Our world is chock full of information, too much at times. When I was growing up, we just had a few TV channels to choose from. Now there are countless streaming options. We also have email, the internet, and social media, just to name a few. It’s a lot
How does your nonprofit organization compete with all this? You need to communicate regularly with your donors and you need to do it well. But in the land of information overload, it’s possible they’ll miss your messages.
Here are a few ways you can make your messages stand out.
What’s your intention?
What’s the purpose of your message? What do you want your reader to do? Are you asking for a donation? Maybe you’re thanking your donor or sharing an update.
Think from your reader’s perspective. What would she be interested in or what would make him take action?
Don’t muddle your messages with too much information. Keep it simple and stick to one call to action or type of message.
Choose the right channels
Most likely you’ll use more than one channel to communicate. Pay attention to the channels your donors are using and focus your efforts there.
Email may be your primary mode of communication and there’s a reason for that. It’s fast, easy, relatively inexpensive, and almost everyone has an email address. You can quickly get a message out to a lot of people. Also, unlike social media, it’s something you can control. You don’t have to rely on a social media algorithm to hope your message ends up in your donor’s feed.
The downside is people get a huge amount of email from a variety of different sources. Plus, the average open rate is around 20%. I don’t know what’s going on in the conservative world, but some liberal political organizations send an enormous amount of email, which I pretty much ignore. And, social media is often just a lot of a lot.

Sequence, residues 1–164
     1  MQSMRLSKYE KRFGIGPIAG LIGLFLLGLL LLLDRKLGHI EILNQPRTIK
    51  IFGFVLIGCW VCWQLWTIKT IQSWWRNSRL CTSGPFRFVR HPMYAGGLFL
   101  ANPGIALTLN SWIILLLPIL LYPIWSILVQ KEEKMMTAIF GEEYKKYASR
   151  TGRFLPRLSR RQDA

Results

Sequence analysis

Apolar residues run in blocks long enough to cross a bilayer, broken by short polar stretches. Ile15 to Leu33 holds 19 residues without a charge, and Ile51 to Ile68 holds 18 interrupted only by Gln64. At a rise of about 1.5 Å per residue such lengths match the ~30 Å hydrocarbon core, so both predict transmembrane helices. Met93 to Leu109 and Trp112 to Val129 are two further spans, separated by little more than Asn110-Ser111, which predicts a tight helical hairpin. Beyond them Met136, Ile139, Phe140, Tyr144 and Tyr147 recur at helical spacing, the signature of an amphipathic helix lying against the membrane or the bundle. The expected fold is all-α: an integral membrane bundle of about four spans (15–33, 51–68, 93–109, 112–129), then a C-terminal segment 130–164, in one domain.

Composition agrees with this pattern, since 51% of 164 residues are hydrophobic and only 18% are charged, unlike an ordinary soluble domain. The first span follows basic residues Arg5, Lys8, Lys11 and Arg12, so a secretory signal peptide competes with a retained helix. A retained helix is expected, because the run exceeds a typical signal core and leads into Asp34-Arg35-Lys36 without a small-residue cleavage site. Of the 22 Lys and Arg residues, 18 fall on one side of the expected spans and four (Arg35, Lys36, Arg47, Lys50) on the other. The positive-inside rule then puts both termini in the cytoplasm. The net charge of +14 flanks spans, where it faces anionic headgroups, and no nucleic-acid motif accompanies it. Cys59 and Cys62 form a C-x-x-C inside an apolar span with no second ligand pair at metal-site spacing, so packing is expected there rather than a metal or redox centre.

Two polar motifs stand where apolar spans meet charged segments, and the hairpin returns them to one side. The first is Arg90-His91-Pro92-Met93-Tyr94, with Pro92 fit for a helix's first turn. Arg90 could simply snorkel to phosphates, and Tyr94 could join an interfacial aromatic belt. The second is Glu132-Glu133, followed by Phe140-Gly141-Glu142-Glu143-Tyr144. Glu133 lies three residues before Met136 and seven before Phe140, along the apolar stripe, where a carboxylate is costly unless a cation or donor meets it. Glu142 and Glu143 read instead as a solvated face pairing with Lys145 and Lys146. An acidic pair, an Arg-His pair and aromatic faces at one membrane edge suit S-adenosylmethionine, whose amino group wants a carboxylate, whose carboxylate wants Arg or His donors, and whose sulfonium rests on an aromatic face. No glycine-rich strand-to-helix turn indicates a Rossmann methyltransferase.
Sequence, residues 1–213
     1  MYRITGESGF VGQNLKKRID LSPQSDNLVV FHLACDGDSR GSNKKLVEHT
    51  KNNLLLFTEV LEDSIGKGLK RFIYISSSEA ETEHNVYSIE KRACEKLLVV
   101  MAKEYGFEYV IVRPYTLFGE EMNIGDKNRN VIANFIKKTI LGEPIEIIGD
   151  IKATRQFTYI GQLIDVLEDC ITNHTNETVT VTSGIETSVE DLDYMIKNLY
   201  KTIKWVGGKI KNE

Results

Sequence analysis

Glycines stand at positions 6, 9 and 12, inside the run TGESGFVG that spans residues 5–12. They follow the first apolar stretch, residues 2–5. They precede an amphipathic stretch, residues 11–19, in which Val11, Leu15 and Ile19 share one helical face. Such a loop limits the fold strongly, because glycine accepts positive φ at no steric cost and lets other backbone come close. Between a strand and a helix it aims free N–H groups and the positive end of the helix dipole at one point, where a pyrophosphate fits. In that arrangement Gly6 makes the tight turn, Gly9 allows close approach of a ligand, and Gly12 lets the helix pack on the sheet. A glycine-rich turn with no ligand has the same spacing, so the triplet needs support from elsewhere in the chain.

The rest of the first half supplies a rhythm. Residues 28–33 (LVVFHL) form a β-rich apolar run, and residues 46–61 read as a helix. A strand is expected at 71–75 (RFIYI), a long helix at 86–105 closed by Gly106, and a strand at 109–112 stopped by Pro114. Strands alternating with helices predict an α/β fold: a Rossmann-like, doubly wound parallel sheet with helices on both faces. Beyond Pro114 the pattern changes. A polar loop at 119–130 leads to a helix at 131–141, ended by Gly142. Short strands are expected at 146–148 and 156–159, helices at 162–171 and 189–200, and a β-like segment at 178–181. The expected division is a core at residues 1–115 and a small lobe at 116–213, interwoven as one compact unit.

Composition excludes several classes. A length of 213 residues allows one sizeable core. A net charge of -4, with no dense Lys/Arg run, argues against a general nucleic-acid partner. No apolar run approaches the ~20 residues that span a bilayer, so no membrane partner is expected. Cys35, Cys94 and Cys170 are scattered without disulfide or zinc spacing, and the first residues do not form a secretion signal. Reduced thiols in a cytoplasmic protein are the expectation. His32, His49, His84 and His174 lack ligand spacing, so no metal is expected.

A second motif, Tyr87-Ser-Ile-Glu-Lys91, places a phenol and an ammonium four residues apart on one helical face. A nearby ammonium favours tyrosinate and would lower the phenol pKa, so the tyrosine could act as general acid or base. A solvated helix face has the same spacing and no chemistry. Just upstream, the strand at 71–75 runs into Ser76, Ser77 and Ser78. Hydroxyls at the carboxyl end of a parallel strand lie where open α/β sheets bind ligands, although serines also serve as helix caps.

It’s easy for your electronic messages to get lost in the shuffle. Your donors may just tune things out, even if you have something engaging to share.
While you’ll likely use electronic communication pretty regularly, don’t discount direct mail. Your donors are more likely to see these messages. We get far less postal mail than electronic communication. Also, someone can put a piece of mail aside and look at it later. Don’t count on that happening with any type of electronic communication. You can also communicate by phone. This is a great way to thank your donors.
Going multichannel is usually your best bet. This is very common for fundraising campaigns and inviting people to events, as well as including a link to your email newsletter on your social media platforms. This way if people miss your initial message on one platform, they may see it on a different one. You’ll also want to send regular reminders for fundraising appeals and event invitations.
Get noticed right away
Your donors have a lot going on and you need to capture their attention right away.
Your fundraising letters and anything else you send by mail needs to look appealing enough to open. You could put a tagline on the envelope. That doesn’t mean something like It’s Our Annual Appeal. Try something like – How you can help families put food on the table. I just received a mailing with an outer envelope that said THANK YOU! Your Monthly Pledge Statement Enclosed And the latest story showing your gift’s impact. The part about the monthly pledge statement isn’t so interesting, but the rest of it is spot on.
Your envelope should look personal and not resemble a bill or junk mail. A few ways to make your mail stand out are to use something other than the usual white business envelope, hand address your envelope, and use stamps.